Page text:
Suspects' heritage becomes part of immigration debate

  • Article by: TRIP GABRIEL
  • New York Times
  • April 20, 2013 - 6:51 PM


– With the television in her pizzeria showing an endless loop of the Boston manhunt Friday, Bessie Kontis glanced up at scenes of the lockdown and shuddered.

“After something like that happens, they should stop all visas, for crying out loud,” said Kontis, 58, who owns New Wayne Pizza with her husband, Alex. “It’s insane. It just angers me.”

Kontis was born in Greece and immigrated to the United States as a child, but when two men of Chechen heritage were identified as the suspects in the fatal Boston Marathon bombings, her views about immigration became colored by concerns for national security.

“That is who’s coming in,” she said. “We don’t know what kind of people they are. The bottom line is we have to stop being goody-goody Americans.”

As a national debate over major immigration reform begins in Congress, some opponents are pointing to the Boston bombings as cause for concern about expanding visa programs and offering millions of illegal immigrants a path to citizenship.

On Friday, Sen. Charles Grassley, a senior Iowa Republican on the committee debating the plan, said the terrorist bombings should figure into the debate. Some conservative commentators and Republicans want to shift the focus away from economic and humanitarian concerns to border security and the potential threat from terrorists entering the country.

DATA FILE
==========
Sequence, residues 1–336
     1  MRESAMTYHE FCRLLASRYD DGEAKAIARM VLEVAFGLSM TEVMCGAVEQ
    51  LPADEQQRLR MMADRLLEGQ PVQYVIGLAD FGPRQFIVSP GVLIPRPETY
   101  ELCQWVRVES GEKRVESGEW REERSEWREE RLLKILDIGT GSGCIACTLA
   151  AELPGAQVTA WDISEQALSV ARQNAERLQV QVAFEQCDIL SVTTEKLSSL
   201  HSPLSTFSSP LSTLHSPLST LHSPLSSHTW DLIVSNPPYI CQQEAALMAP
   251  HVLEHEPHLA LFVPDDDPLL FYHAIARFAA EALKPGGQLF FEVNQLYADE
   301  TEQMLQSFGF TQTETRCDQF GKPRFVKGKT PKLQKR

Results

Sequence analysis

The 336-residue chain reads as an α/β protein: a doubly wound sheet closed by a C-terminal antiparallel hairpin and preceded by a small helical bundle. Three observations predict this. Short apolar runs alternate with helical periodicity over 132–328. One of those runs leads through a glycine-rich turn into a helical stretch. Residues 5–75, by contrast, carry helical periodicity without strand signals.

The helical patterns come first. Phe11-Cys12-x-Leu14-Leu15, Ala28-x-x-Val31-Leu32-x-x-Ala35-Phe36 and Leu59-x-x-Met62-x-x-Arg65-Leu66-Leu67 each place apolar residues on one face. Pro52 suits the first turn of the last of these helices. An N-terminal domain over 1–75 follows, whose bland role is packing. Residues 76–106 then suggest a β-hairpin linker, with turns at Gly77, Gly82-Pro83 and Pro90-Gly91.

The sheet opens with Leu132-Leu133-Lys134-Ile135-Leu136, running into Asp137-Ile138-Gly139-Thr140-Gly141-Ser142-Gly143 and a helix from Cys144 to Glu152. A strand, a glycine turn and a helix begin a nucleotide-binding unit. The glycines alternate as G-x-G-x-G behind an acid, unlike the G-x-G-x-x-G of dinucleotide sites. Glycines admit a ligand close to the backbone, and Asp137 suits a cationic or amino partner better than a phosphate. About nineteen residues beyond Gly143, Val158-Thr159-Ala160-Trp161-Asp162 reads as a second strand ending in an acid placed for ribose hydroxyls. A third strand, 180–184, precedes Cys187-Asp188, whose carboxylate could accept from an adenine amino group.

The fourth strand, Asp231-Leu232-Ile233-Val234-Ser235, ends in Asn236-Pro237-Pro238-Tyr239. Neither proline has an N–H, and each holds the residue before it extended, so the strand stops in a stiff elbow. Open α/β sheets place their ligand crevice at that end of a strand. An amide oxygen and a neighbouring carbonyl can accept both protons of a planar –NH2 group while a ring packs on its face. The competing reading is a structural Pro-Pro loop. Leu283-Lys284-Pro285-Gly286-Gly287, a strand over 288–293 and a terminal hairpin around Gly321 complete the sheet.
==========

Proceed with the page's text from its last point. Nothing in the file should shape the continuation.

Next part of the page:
How successful their efforts turn out to be, and whether Boston slows momentum for reform, could depend on how many citizens express views like Kontis’.

In interviews, many mentioned that the two brothers accused in the attacks — Dzhokhar Tsarnaev, 19, who was captured Friday, and Tamerlan Tsarnaev, 26, who was killed earlier — had arrived in the country a decade earlier, with a father who claimed asylum because of the conflict in their homeland. They could hardly have been identified by more vigilant border control, some people said.

“You can’t stop people who came into the U.S. who 10 years later do bad things,” said Andrew Factor, 26, an investment adviser. “We’re supposed to screen for terrorists when kids are 9 and 16?”

But the issue evokes visceral reactions. “I’m a little more of an extremist now after what happened in Boston,” said Greg Ricker, 41, a stockbroker. “I think we should just stop letting people in.”

Attitudes toward immigration reform seem to be changing, in part along generational lines. Frank Cunningham, 27, an accountant, said that he, unlike his father, favored a path to citizenship for the estimated 11 million illegal immigrants in the country. “The way I was raised, my dad says, ‘If you come into the country illegally, you don’t deserve to be here,”’ he said, “but I’m wondering, who is going to do those jobs?”

Gary Burnett, 35, said he favored a path to citizenship and expanded permanent-resident visas for those waiting outside the country, because the nation is already part of a global economy. As a software engineer, he said, “I compete with the entire world already. I have to be able to do the work of at least three people in Asia to compete.”

Melvin Cook, 57, accused politicians of exploiting the bombing. “They’re trying to put fear into us of immigrants.”

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